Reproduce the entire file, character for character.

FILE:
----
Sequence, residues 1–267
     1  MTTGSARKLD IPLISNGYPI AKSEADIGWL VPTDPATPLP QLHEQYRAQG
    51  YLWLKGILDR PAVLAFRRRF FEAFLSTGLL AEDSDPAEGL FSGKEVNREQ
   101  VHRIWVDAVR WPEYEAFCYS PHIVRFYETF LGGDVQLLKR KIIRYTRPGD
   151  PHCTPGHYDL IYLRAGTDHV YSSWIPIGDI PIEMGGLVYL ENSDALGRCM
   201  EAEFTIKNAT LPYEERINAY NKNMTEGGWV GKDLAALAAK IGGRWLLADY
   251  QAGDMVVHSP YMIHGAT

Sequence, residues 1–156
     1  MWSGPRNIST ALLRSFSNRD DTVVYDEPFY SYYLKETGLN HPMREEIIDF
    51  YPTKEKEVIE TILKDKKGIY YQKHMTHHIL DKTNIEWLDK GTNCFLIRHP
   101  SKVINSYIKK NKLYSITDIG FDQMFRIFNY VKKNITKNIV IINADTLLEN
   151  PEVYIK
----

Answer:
Sequence, residues 1–267
     1  MTTGSARKLD IPLISNGYPI AKSEADIGWL VPTDPATPLP QLHEQYRAQG
    51  YLWLKGILDR PAVLAFRRRF FEAFLSTGLL AEDSDPAEGL FSGKEVNREQ
   101  VHRIWVDAVR WPEYEAFCYS PHIVRFYETF LGGDVQLLKR KIIRYTRPGD
   151  PHCTPGHYDL IYLRAGTDHV YSSWIPIGDI PIEMGGLVYL ENSDALGRCM
   201  EAEFTIKNAT LPYEERINAY NKNMTEGGWV GKDLAALAAK IGGRWLLADY
   251  QAGDMVVHSP YMIHGAT

Sequence, residues 1–156
     1  MWSGPRNIST ALLRSFSNRD DTVVYDEPFY SYYLKETGLN HPMREEIIDF
    51  YPTKEKEVIE TILKDKKGIY YQKHMTHHIL DKTNIEWLDK GTNCFLIRHP
   101  SKVINSYIKK NKLYSITDIG FDQMFRIFNY VKKNITKNIV IINADTLLEN
   151  PEVYIK